Sow some seeds (e.g. radish) in film pots. Each pot should contain 3 seeds. After 5 days, in half the pots remove two of the seedlings and leave the rest of the pots unthinned. Let the radishes continue growing for 3 to 4 weeks and then compare the size of the radishes formed. Download the Teacher guidance and Pupil sheets from the link on the right.

This experiment shows that plants of the same species also compete with each other if they are too close together. Ask the children to think how they could investigate the effect of thinning out in the garden.


Investigation G5: How is water carried around the plant?

Place pieces of celery (leaf stalks) in coloured ink. The ink is carried in veins up to the leaf blades. Download the Teacher guidance from the link on the right.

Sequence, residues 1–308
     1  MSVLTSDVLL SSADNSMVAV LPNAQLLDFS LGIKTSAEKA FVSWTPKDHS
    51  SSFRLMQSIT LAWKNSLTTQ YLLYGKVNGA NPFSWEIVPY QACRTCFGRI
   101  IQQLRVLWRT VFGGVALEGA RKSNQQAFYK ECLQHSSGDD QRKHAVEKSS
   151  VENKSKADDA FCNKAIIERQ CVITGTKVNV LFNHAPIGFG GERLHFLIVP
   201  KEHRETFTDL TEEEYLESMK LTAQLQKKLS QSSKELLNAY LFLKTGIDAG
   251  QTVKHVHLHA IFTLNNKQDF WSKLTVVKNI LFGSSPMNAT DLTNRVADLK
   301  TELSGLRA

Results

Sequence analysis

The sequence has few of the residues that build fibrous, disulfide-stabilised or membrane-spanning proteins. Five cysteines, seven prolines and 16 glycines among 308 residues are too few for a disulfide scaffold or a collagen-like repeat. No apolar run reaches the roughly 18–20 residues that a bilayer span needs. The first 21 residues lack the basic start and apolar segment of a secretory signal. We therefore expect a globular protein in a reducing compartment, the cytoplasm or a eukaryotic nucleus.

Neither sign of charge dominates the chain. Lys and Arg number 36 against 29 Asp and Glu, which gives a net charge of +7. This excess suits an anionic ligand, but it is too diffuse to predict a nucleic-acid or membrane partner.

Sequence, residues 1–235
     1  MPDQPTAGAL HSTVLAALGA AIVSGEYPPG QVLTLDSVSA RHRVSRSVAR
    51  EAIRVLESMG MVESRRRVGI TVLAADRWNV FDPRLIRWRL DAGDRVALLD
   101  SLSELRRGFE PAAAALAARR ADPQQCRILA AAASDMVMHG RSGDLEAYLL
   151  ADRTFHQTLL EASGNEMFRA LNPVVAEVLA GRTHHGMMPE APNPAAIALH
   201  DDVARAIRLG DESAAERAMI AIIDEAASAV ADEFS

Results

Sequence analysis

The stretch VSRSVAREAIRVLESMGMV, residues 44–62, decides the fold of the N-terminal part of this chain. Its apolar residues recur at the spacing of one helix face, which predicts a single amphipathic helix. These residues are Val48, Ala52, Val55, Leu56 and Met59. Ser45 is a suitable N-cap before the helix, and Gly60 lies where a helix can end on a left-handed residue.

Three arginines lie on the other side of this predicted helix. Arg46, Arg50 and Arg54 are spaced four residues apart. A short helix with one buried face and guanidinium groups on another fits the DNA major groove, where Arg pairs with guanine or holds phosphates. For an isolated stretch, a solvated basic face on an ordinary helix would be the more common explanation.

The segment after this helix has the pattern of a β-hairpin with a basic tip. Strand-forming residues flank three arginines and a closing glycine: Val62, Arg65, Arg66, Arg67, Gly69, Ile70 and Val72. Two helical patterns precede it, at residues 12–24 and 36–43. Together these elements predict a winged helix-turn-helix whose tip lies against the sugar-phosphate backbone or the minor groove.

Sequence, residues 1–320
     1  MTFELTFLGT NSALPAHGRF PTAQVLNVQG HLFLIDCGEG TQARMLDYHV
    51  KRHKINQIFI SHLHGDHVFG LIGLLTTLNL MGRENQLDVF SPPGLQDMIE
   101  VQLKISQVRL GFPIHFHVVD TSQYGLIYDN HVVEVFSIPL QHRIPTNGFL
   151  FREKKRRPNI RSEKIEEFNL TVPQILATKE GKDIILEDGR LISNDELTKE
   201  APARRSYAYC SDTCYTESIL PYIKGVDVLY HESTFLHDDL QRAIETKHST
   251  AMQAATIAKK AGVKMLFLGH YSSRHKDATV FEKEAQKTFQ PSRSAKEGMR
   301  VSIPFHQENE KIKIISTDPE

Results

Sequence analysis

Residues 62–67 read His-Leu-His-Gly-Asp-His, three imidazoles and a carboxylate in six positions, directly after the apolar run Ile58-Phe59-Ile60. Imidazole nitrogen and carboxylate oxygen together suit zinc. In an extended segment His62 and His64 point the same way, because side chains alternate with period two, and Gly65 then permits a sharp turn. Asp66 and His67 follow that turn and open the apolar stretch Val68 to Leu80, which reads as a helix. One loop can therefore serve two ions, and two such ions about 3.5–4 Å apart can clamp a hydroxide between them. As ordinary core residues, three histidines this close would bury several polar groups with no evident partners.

Investigation G6: Do plants lose water?

Use a house plant or carry out the investigation on a plant in the school garden. Place a polythene bag over the leaf or shoot of the plant (but don’t detach the leaf from the plant). Leave the plant for at least 30 minutes and then examine the bag. The plant gives off water and this condenses in small droplets on the inside of the polythene bag. Download the Teacher guidance from the link on the right.


Investigation G7: What happens if you remove the tendrils from a pea plant?

Grow some sugar snap peas and give them a tent of twigs to scramble over. Remove the tendrils as they are formed from about half of the plants. Compare the growth of these plants with plants that still have tendrils. Click here for more information about sugar snap peas and how to grow them in the classroom.